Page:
"[...] I am made uneasy by the single-minded focus on Israel. Surely it is unseemly for Americans to discuss boycotts of another country on the other side of the world without posing related questions about American policies and actions that are not above moral scrutiny. Nor should we fail to investigate relevantly comparable cases concerning other nations. For example, one might consider possible responses to the genocide of Muslim civilians in the Indian state of Gujarat in the year 2002, a pogrom organized by the state government, carried out by its agents, and given aid and comfort by the national government of that time (no longer in power). I am disturbed by the world’s failure to consider such relevantly similar cases. I have heard not a whisper about boycotting Indian academic institutions and individuals, and I have also, more surprisingly, heard nothing about the case in favor of an international boycott of U.S. academic institutions and individuals. I am not sure that there is anything to be said in favor of a boycott of Israeli scholars and institutions that could not be said, and possibly with stronger justification, for similar actions toward the United States and especially India and/or the state of Gujarat."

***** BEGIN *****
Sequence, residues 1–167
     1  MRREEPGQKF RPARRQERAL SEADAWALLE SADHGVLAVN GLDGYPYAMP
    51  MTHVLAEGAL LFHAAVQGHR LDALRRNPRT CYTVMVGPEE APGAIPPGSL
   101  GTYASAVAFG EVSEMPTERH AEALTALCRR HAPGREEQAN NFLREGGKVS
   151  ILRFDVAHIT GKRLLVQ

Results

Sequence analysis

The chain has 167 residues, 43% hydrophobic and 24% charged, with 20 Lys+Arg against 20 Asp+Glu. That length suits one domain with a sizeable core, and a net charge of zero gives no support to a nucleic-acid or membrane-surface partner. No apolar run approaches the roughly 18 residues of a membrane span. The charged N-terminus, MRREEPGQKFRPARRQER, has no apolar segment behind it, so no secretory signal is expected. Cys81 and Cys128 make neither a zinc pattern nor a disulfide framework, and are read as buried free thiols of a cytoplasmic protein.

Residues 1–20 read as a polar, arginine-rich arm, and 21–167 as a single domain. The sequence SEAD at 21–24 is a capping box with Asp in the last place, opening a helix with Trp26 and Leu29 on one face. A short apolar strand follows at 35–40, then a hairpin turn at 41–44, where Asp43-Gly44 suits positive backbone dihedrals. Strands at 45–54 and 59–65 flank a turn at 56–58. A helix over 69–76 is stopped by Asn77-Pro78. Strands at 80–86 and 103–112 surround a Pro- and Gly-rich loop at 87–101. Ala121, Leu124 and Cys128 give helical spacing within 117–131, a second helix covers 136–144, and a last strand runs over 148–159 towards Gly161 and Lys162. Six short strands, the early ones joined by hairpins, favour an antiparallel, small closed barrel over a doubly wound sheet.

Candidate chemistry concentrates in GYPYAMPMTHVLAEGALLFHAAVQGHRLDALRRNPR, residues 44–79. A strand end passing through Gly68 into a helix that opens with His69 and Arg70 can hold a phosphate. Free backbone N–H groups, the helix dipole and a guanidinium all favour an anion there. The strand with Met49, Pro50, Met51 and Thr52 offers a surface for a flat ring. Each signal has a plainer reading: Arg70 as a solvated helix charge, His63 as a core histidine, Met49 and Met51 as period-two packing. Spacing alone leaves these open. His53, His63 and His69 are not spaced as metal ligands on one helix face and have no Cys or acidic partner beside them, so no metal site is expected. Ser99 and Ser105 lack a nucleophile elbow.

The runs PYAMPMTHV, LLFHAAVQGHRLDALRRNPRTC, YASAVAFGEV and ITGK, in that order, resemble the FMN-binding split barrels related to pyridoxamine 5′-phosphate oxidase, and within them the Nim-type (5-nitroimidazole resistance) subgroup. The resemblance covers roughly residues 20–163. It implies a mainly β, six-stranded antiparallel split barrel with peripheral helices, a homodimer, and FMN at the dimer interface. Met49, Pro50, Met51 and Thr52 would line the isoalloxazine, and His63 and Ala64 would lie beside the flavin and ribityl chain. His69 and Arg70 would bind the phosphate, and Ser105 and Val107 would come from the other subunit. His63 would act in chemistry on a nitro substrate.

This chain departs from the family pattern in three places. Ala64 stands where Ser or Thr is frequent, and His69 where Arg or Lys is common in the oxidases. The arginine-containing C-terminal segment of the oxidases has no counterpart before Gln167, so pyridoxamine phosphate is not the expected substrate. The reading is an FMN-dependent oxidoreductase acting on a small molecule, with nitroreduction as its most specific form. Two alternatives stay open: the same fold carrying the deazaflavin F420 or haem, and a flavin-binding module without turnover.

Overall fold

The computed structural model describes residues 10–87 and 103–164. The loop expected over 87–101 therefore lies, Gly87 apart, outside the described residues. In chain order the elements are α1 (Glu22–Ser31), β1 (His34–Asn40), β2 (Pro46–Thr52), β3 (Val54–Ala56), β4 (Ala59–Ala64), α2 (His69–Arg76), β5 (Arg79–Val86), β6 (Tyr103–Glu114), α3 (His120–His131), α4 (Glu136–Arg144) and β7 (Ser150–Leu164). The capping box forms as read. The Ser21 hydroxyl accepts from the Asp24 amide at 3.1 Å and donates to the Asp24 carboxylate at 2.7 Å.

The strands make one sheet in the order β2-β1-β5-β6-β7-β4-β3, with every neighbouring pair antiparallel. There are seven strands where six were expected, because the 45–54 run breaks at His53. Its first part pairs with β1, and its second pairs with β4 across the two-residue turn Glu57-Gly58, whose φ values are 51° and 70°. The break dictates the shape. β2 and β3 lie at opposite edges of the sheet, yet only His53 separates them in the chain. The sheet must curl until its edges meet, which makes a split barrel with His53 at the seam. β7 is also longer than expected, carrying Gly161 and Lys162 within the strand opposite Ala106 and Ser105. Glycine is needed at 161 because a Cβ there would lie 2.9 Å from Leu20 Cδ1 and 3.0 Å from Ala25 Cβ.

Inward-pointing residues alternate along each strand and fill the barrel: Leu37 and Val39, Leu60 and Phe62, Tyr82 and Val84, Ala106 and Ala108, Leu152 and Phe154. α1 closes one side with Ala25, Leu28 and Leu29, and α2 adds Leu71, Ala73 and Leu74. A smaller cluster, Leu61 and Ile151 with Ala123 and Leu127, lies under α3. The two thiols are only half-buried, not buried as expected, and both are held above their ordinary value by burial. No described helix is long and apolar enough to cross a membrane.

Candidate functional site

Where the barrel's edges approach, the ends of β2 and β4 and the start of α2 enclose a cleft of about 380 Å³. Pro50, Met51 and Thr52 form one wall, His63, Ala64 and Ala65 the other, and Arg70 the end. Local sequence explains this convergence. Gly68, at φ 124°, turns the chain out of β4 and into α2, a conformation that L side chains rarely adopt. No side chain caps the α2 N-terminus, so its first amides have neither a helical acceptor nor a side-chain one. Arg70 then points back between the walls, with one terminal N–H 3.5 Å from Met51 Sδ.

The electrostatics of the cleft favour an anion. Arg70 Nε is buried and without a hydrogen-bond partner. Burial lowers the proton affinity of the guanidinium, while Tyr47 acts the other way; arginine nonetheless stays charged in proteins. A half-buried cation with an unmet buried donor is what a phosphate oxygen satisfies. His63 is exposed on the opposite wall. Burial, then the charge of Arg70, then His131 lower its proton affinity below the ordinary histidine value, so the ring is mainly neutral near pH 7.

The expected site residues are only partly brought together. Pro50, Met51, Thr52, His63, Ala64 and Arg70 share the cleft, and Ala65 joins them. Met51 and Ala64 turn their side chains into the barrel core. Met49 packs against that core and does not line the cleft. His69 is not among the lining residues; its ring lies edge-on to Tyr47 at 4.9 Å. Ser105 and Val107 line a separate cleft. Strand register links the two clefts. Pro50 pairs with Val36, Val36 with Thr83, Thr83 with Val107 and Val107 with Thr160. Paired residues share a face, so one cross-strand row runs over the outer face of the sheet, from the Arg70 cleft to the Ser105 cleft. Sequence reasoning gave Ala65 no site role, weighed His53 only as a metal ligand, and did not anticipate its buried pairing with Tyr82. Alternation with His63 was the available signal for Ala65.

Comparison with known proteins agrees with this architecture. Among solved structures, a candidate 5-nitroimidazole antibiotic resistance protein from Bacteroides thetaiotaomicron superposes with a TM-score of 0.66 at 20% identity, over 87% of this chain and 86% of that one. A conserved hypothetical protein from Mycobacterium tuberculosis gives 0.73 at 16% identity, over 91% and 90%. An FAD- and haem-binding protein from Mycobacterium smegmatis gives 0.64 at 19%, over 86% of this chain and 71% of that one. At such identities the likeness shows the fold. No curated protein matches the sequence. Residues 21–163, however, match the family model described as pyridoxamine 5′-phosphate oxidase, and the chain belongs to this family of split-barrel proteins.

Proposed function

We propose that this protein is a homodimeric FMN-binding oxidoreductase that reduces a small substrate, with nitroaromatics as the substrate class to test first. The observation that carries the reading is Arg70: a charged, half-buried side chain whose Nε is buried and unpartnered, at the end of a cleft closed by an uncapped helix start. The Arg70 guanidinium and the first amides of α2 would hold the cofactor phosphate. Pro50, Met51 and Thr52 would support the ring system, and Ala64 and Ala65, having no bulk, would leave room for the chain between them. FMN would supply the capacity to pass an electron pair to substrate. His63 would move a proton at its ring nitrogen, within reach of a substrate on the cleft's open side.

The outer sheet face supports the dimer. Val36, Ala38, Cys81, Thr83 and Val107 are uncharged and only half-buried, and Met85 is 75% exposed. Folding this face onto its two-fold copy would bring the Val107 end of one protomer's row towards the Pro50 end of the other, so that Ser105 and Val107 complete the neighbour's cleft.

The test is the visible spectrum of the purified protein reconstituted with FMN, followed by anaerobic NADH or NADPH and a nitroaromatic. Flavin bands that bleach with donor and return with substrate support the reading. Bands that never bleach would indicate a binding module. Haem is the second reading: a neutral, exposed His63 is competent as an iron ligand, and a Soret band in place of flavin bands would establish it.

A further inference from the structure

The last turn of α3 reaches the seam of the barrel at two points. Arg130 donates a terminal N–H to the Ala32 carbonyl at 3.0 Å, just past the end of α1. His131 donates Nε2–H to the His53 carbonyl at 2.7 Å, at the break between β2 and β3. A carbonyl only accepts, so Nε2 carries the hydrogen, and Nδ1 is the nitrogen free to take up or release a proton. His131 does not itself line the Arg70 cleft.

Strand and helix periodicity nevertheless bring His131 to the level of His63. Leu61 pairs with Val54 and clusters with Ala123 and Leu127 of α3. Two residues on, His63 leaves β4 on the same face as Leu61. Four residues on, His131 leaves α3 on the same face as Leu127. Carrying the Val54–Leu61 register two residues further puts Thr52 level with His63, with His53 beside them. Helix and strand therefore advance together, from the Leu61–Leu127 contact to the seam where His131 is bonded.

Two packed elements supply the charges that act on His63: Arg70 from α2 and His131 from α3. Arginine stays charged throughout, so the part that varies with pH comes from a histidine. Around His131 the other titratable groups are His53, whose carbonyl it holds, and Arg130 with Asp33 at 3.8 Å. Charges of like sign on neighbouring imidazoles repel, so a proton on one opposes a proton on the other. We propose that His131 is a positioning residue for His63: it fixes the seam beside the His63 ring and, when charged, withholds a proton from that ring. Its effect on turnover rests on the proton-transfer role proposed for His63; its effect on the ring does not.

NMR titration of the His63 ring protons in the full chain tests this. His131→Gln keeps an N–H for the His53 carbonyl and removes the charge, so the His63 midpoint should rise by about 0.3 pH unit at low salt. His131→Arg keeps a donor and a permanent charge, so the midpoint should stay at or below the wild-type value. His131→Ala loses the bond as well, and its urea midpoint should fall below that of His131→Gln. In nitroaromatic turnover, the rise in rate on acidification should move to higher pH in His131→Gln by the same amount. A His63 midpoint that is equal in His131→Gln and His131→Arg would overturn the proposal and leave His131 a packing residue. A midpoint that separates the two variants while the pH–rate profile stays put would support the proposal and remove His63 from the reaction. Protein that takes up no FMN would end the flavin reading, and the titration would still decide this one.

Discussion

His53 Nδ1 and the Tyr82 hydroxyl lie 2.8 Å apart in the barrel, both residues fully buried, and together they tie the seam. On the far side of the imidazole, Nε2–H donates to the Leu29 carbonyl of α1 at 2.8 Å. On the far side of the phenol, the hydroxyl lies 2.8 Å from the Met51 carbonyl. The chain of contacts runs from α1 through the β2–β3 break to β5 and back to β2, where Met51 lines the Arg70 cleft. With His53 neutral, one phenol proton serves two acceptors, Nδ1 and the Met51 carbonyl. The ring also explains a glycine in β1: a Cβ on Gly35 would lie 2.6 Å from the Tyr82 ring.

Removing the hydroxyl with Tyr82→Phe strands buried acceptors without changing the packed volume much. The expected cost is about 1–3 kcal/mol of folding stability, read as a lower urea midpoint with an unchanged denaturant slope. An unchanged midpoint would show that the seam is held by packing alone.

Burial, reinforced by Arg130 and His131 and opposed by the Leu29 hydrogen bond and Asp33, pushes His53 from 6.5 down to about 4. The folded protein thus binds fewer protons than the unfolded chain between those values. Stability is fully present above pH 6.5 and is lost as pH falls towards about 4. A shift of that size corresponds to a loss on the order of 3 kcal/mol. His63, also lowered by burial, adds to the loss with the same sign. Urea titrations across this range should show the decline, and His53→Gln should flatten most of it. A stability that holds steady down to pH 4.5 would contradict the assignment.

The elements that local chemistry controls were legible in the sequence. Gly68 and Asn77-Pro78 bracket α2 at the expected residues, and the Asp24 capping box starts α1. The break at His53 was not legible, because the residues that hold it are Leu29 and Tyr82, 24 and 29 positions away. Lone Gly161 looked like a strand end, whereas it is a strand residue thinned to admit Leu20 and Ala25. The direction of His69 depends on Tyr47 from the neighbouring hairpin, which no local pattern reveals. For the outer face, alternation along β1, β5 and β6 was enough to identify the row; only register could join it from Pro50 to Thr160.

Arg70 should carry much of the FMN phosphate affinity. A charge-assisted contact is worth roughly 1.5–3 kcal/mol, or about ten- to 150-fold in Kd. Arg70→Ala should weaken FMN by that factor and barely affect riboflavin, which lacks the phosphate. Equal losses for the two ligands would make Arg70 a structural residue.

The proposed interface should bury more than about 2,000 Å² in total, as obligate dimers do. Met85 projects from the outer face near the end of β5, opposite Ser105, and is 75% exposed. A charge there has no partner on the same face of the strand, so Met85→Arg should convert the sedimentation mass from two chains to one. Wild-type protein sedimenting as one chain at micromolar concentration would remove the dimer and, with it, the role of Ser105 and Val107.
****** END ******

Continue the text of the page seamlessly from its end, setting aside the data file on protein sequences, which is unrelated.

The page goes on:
"I would not favor an academic boycott in any of these cases, but I think that they ought to be considered together, and together with yet other cases in which governments are doing morally questionable things. One might consider, for example, the Chinese government’s record on human rights; South Korea’s lamentable sexism and indifference to widespread female infanticide and feticide; the failure of a large number of the world’s nations, including many, though not all, Arab nations, to take effective action in defense of women’s bodily integrity and human equality; and many other cases. Indeed, I note that gross indifference to the lives and health of women has never been seriously considered as a reason for any boycott, a failure of impartiality that struck me even in the days of the South Africa boycott. Eminent thinkers alleged that the case of South Africa was unique because a segment of the population was systematically unequal under the law, a situation that of course was, and still is, that of women in a large number of countries. By failing to consider all the possible applications of our principles, if we applied them impartially, we are failing to deliberate well about the choice of principles. For a world in which there was a boycott of all U.S., Indian, and Israeli scholars, and no doubt many others as well, let us say those of China, South Korea, Saudi Arabia (on grounds of sexism), and Pakistan (on the same grounds, though there has been a bit of progress lately) would be quite different from the world in which only scholars from one small nation were being boycotted, and this difference seems relevant to the choice of principles."